Lifting soil, lifting yields

Published 11 December 13

At a recent Cheshire Grassland Society visit to Orchards Farm, owned by the Brown family, members heard how Ray and his family are correcting compaction by sward lifting and slit aeration.

DairyCo’s Kate Williams and Dr Debbie McConnell report on developments at the DairyCo-BGS Cheshire demo farm.

A survey of grassland soils in England and Wales shows that 70% of fields are suffering from soil compaction. As a result, the DairyCo Grassland, Forage and Soils Research Partnership in conjunction with British Grassland Society (BGS) has been trialling alleviation treatments both at Scottish Rural University College (SRUC) and on the DairyCo-BGS Demonstration Farm in Cheshire.

Ray and his family manage a 300-cow pedigree Holstein herd, averaging 9,500 litres/cow. The farm focuses on achieving high quality forage and utilises fields close to the parlour for grazing during the summer.

At Orchards Farm the soils are predominantly sandy-clay/clay loams and some of the fields on the grazing platform are susceptible to compaction. This compaction is evident on some of the younger grass leys; therefore ploughing was not an option to remedy this. Instead Ray divided a grazing paddock into four sections last autumn and imposed the following four treatments:

  1. No aeration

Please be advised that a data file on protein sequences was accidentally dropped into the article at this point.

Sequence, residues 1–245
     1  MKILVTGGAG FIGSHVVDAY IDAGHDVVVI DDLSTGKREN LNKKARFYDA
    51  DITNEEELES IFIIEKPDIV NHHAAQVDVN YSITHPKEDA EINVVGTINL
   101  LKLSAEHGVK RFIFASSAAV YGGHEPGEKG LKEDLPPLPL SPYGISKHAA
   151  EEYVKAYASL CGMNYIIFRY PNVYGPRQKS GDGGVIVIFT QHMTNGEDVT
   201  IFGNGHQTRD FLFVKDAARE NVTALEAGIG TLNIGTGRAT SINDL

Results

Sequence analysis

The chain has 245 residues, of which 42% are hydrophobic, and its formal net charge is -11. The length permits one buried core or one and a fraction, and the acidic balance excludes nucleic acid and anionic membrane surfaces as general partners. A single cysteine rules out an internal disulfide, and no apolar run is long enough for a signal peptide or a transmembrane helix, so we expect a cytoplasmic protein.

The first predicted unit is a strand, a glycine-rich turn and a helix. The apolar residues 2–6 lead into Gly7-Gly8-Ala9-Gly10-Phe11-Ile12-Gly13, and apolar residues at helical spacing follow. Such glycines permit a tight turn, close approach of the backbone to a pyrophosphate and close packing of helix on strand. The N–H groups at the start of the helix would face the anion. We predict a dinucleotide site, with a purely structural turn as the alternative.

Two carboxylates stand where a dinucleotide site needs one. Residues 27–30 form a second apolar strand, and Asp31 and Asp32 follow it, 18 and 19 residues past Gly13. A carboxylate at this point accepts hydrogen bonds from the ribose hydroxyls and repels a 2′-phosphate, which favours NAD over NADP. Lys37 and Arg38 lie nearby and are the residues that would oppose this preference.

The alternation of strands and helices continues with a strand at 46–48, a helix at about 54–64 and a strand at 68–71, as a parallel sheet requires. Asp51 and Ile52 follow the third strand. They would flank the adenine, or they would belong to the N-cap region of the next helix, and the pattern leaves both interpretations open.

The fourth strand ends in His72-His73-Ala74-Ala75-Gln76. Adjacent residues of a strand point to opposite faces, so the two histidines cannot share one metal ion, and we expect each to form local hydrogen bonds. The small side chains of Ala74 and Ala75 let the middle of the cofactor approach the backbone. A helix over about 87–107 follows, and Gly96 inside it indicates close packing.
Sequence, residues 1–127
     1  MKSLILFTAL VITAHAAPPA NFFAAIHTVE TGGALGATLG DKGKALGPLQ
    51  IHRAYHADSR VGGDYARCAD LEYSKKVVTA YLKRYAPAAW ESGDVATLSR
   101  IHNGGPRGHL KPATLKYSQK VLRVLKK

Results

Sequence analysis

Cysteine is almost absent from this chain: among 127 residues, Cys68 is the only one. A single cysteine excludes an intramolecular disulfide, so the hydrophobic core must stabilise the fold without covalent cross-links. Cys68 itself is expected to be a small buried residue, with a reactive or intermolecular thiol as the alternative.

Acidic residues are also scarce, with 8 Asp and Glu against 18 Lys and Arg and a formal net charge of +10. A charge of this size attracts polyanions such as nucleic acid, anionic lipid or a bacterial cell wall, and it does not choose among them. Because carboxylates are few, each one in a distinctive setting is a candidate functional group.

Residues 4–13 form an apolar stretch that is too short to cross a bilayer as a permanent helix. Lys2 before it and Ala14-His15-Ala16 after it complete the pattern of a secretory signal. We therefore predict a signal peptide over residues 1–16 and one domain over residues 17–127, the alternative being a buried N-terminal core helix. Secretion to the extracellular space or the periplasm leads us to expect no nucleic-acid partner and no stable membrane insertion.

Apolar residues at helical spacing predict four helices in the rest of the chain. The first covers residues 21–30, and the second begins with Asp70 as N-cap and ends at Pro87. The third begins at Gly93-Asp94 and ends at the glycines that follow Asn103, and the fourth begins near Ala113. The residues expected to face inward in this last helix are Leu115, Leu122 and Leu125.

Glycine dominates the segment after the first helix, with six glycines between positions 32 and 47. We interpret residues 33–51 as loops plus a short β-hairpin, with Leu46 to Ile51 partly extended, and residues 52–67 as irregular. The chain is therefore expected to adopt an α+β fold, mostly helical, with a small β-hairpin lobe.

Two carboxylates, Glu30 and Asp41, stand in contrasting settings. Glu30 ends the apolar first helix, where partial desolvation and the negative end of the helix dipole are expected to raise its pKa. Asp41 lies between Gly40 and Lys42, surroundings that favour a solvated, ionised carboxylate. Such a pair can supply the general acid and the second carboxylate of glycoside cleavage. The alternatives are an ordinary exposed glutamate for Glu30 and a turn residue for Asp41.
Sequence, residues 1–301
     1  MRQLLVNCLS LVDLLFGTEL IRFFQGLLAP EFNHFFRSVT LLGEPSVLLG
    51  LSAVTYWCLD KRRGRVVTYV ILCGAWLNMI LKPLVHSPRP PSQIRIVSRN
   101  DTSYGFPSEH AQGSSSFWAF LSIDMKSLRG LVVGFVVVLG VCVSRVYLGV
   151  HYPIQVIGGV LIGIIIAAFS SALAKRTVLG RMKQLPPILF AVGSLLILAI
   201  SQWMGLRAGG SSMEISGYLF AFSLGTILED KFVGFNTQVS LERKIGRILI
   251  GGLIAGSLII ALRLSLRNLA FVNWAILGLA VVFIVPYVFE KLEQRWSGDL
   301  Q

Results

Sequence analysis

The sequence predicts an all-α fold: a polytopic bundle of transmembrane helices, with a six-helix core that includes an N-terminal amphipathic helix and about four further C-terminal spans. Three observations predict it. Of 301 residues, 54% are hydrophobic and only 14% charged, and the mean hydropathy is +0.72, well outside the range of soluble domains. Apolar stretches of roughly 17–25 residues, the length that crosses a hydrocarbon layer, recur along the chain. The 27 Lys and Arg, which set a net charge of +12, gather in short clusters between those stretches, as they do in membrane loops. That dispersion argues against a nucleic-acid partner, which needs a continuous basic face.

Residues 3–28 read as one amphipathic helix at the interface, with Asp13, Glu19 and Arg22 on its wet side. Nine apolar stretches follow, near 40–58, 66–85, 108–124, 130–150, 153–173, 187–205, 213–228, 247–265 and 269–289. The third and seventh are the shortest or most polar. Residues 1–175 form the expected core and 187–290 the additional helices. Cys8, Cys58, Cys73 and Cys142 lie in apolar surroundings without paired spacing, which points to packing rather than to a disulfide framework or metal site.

2. Spike aeration in the spring
  3. Sward lift in the autumn and spike the following spring
  4. Sward lift only in the autumn.

Throughout the season Ray, and his son Ryan, have platemetered to assess the impact these treatments have had on grass yields (data shown below includes figures up to the end of September 2013).

 Graph 1: Shows the effect on grass yield (kg DM/ha) of four different soil treatments

Demo farm 2

 

Visually, improvements in grass yield were particularly noticeable early in the grazing season. This improvement remained across the season with the sward lifting treatment resulting in 10% higher grass yields over the course of the season (graph 1).

In contrast, spike aeration resulted in a 4% increase in grass yield, however this was only visible at the first few grazings. There was no significant cumulative benefit of spiking and sward lifting together.

Other benefits to the sward lifting and spike aeration have also been seen. “The grass started growing earlier on the treated areas,” says Ray. “And better drainage allowed us to get the cows out earlier.”

The findings at Orchards Farm echo the DairyCo research trials at SRUC, where initial results indicate that both slit and sward lifting may result in small increases in second and third cut yield on compacted areas.

However, in contrast to Ray’s grazing pasture the initial aeration techniques (slit aeration and sward lifting) undertaken in spring at the research trials resulted in a drop of herbage yields early in the season. This was as a result of the destructive effect of these techniques on the grass plant, damaging grass roots and some of the leaf.

As a result, it may be advisable to undertake aeration techniques in the autumn to reduce the impact on the growing plant.

At costs of £57/ha (£23/ac) to sward lift, it is important to look at field conditions by digging holes, before taking corrective action. Chris Duller, independent grassland expert, says: ‘compaction will reduce grass quality and quantity as well as the amount of days the cows can graze outside. The cost of compaction alleviation must be considered against what a grazing day is worth to you.

“Time spent digging holes to understand your farms compaction is time well spent,’ Chris concludes.

Ray will continue with grassland research trials on his farm over the next year, to find out about the on-going research on the DairyCo-BGS Demo Farms visit www.Dairyco.org.uk